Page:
Bolstered by these numbers, gun extremists continue to hold rallies to legalize unregulated open carry, like this recent one in Michigan featuring camo-clad gun fetishists with their assault rifles strapped to their backs as if they were headed off to Afghanistan.

Rallies like these remind me of scenes in some third-world countries, like Somalia or Yemen, where assault weapon-wielding men brandish their guns without fear of reprisal.  So I made the following poster:

But is this really a fair comparison?  Even I had doubts.  After all, Somalia has been in a decades-long civil war, with famine and drought, and is infamous for its hostage-taking pirates.  Yemen isn’t much better.  It, too, has been in a civil war, is a hub for Al-Qaeda, is the poorest Arabian country, has suicide attacks, and has a large swath of its territory chaotically ruled by local warlords instead of a national government (remember “Blackhawk Down”?).  So I researched some numbers.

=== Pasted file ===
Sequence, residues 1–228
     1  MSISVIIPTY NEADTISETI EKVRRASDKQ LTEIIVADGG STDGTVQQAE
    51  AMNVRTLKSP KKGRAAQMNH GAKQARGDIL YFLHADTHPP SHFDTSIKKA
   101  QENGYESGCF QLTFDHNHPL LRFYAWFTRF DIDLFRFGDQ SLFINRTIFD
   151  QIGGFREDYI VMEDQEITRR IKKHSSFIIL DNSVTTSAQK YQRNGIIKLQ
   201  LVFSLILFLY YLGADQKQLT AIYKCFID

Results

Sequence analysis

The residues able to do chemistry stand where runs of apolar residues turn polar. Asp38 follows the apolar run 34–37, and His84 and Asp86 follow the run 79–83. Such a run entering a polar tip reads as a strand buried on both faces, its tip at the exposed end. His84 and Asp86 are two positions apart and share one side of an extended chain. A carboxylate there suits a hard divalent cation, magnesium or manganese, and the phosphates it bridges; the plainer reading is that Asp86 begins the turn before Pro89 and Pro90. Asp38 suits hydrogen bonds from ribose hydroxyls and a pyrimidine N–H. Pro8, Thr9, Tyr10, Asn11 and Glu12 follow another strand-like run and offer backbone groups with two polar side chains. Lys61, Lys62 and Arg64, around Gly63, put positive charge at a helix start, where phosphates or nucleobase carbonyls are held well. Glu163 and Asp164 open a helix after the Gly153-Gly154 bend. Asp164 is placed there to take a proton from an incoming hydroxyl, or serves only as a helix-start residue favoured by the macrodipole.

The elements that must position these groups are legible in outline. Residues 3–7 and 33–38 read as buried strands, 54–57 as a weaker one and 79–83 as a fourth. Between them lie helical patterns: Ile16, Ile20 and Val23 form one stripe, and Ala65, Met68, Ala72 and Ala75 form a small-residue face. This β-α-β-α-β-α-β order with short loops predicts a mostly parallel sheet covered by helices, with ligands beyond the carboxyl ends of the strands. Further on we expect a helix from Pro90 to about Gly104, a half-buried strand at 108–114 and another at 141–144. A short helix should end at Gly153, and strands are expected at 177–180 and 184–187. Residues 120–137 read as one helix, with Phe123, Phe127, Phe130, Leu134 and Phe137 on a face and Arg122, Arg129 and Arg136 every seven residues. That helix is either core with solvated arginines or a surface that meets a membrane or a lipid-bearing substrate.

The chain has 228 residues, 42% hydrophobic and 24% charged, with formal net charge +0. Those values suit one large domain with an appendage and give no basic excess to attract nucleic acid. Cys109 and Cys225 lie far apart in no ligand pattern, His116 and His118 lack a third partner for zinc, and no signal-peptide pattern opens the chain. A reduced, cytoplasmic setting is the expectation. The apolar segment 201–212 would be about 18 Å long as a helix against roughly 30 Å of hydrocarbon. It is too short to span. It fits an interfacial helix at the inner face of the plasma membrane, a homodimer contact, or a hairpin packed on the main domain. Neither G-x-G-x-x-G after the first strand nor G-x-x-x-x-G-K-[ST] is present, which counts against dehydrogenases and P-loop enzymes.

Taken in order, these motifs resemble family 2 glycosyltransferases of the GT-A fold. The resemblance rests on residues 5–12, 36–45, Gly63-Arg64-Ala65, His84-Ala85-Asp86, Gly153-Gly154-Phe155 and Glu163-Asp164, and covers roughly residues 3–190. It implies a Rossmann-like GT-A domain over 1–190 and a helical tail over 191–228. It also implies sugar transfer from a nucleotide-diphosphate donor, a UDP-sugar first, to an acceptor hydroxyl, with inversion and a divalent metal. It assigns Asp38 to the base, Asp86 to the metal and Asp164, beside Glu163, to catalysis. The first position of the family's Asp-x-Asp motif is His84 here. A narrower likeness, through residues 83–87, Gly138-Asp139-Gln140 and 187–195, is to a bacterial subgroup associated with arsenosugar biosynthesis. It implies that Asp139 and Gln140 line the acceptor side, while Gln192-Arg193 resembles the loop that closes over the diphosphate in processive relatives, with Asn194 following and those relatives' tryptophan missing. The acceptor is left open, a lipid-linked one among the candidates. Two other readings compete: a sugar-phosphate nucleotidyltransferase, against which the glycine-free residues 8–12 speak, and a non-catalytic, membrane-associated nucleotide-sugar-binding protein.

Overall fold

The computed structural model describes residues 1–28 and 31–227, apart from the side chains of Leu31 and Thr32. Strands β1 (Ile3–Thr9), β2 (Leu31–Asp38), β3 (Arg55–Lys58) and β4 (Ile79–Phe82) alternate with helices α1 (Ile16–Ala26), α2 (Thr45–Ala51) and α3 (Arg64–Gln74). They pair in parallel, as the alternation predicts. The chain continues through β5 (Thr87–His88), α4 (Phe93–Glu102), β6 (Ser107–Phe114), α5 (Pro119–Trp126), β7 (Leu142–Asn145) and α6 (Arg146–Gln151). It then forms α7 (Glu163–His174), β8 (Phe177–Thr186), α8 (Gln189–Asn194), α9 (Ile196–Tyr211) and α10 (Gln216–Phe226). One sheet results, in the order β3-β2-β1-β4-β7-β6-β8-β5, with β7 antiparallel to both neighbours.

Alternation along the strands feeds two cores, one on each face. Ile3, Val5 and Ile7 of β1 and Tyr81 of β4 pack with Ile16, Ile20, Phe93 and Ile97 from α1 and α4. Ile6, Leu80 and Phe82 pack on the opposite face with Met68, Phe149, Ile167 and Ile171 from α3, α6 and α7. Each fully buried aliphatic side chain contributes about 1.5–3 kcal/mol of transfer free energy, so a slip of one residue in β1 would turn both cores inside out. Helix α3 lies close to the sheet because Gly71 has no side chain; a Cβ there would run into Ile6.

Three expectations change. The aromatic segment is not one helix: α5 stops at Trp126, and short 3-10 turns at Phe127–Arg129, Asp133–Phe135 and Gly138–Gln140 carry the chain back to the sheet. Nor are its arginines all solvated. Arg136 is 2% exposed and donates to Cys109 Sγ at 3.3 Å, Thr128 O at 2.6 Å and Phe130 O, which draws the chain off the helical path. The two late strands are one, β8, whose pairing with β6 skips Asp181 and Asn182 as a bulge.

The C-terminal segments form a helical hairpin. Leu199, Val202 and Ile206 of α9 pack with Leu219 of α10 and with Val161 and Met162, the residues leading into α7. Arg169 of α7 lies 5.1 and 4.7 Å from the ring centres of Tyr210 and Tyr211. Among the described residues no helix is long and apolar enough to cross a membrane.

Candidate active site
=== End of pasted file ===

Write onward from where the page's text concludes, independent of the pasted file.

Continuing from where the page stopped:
Here’s my shocking finding:

You are more likely to be murdered with a gun in the United States than to be murdered by any means in Somalia and Yemen.

Yes, that’s right.  Let me restate it:  Gun violence is more likely to be your cause of death here in the streets and homes of America than any form of homicide in either of these god-forsaken, war-torn, chaotic third-world countries (and I’m only talking about homicides here, not including accidental shootings, suicides, law enforcement, or defensive shootings).

Let’s look at the numbers, shall we?  The most recent year in which I could find data for all three countries was 2004 (the last year I could find for Somalia).

In Somalia in 2004 (from a World Bank study, from THIS link), there was a civilian homicide rate of 3.30 / 100K for ALL methods.

In Yemen in 2004, there was a civilian homicide rate of 2.85 / 100K for ALL methods.  (also found from the same World Bank study, from THIS link; the most recent year cited, 2008, had a rate of 4.00 / 100K).

In 2004, the United States had homicide rate of 3.97 / 100K for FIREARMS ALONE (according to CDC WISQARS data) (to compare with the most recent Yemen data, 2008 gun homicides in the U.S. also had a rate of 4.00 / 100K).